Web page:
"Vue say that there's been a number of incidents, but where's the proof, the evidence," the filmmaker said over the decision to pull Paramount's London gangland drama.
British director Andrew Onwubolu — better known as Rapman — has spoken out against U.K. theater chain Vue over its decision to withdraw his Paramount-backed London gangland drama Blue Story from its cinemas.
On Sunday, Vue announced that it was pulling the film following a brawl involving a machete in the lobby of a cinema in Birmingham. It later doubled down on its decision following a major backlash, stating on Monday that it was made after more than "25 significant incidents" had been reported in 16 of its cinemas in just 24 hours.
But Rapman has now questioned this claim and the motives of the cinema chain. "Vue say that there's been a number of incidents, but where's the proof, the evidence," he told BBC Breakfast on Wednesday morning. "The one incident that they're taking about was on camera, we live in a camera generation. Anything happens, the youth are going to film that. How come we haven't seen any footage of the rest of these incidents?”
Rapman also said he felt that Vue claimed there had been additional incidents to "cover their decision, which already wasn't justified because the incident had no connection to Blue Story."
Following two London friends who become rivals in local gang wars, Blue Story was made off the back of Rapman's hugely popular YouTube miniseries Shiro's Story and stars Stephen Odubola and Michael Ward Top Boy. Rather than glorify violence, the musician-turned-filmmaker — who escaped London's gang scene himself — has said that he wanted to highlight the futility of gangland culture and its origins.
"I want people who see the film to learn that these kids are not all spawns of Satan," he told the BBC. "They didn't come from child abuse or neglectful mothers. What kids go through in the school playground is so intense, it all starts there."
In a new statement, Vue founder Tim Richard said that he hadn't seen a nationwide issue such as that with Blue Story affecting so many cinemas in such a short space of time "in over 30 years" of working in the U.K.'s cinema industry. "We have reviewed and assessed each and every incident in detail as part of our ongoing process of making decisions as to how we could possibly keep Blue Story on our screens,” he said. “We wholeheartedly agree that the issues that have arisen are not about the film, but neither are they about Vue."
At the U.K. box office, Blue Story earned an impressive $1.67 million in its opening weekend, landing in the third spot behind Last Christmas and a record-breaking Frozen 2. However, according to Rapman, Vue's decision has since seen the film lose nearly half its screens from the original tally of more than 300.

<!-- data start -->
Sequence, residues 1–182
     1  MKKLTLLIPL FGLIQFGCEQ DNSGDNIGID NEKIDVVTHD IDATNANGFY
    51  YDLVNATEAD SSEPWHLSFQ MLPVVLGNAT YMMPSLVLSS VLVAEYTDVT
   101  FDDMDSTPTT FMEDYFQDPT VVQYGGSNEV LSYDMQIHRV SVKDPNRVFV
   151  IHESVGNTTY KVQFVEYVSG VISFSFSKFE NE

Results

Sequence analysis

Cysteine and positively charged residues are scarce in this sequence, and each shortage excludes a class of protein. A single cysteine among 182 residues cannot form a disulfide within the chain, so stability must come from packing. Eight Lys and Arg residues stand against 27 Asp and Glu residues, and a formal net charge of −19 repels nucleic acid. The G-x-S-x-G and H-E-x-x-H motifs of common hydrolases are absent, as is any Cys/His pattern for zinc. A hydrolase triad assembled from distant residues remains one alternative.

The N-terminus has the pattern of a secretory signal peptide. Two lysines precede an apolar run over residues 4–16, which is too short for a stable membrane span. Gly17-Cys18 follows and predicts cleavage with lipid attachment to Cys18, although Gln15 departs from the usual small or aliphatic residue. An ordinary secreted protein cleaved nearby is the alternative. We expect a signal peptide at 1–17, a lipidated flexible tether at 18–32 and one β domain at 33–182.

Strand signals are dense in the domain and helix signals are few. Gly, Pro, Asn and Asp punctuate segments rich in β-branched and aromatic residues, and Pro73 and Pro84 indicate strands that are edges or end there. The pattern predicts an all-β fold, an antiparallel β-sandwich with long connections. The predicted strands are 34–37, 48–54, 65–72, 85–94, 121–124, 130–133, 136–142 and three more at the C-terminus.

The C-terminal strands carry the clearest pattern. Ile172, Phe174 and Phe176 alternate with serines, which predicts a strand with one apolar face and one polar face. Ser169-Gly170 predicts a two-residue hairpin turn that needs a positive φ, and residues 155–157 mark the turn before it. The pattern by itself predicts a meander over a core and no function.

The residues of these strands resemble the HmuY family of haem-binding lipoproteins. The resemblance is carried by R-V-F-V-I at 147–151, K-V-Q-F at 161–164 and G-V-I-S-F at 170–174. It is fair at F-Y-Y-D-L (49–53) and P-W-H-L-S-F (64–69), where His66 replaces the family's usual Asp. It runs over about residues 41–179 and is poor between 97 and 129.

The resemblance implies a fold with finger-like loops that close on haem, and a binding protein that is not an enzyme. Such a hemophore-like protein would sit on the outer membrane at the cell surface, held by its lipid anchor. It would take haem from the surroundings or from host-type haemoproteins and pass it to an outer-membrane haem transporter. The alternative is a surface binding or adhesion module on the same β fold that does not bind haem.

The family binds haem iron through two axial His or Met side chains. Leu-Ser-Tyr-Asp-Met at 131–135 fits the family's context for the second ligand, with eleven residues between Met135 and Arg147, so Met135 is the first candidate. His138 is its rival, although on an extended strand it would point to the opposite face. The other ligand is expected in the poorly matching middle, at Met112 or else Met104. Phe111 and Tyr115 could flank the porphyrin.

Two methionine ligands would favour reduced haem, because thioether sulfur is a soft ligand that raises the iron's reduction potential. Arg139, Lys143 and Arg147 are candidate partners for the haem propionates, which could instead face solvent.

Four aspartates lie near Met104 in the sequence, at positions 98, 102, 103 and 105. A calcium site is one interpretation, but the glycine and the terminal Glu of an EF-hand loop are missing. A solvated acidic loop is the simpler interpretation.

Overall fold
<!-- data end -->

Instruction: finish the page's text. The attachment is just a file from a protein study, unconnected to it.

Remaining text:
Soon after it announced the worldwide delay of A Quiet Place Part II, Paramount Studios is shuffling its entire film release schedule amid the escalating coronavirus pandemic. Coronavirus aka COVID-19 has affected two more Paramount releases, with the studio pulling the release of the upcoming films The Lovebirds and Blue Story. No new release date has been set for either film yet.
According to The Hollywood Reporter, Paramount is pulling the release of two more films amid coronavirus concerns. The Kumail Nanjiani and Issa Rae comedy The Lovebirds, originally slated to open April 3, has been pushed back, as has the teen gang drama Blue Story, originally sceduled for March 20. Neither film has been scheduled for a new release date yet.
The Lovebirds, which stars Nanjiani and Rae as a couple framed for murder, was set in April as comedy counterprogramming to the summer tentpole slate. Meanwhile, Blue Story, which was slated for limited release on the same weekend of A Quiet Place Part II, is a low-budget feature adaptation of Rapman’s YouTube series about two young friends who become rivals in a street war. As mid- to low-budget films with less of a pull than big IPs like A Quiet Place, they would be due to suffer financially from reluctant audiences concerned about coronavirus.
Theaters remain open in the U.S., but it seems more likely that some theaters could go dark. Internationally, theaters across China and Italy have shuttered, while there are widespread closures in South Korea and France.
The delays comes hours after Paramount announced that it was delaying the global release of A Quiet Place Part II, whose delay came piecemeal after initial reports of the film getting pulled from international release. It comes mere minutes after Universal pushed its tentpole blockbuster F9 by a year, delaying the action film to 2021. Major delays for film releases were expected after MGM kicked off the pushbacks with No Time to Die, followed by Sony’s Peter Rabbit 2 and STXfilms’ My Spy. But the sudden barrage of film delays follows immediately after a frantic 24 hours which saw the White House announce a travel ban in Europe, the House and Senate closed for session, and the NBA suspend its current season.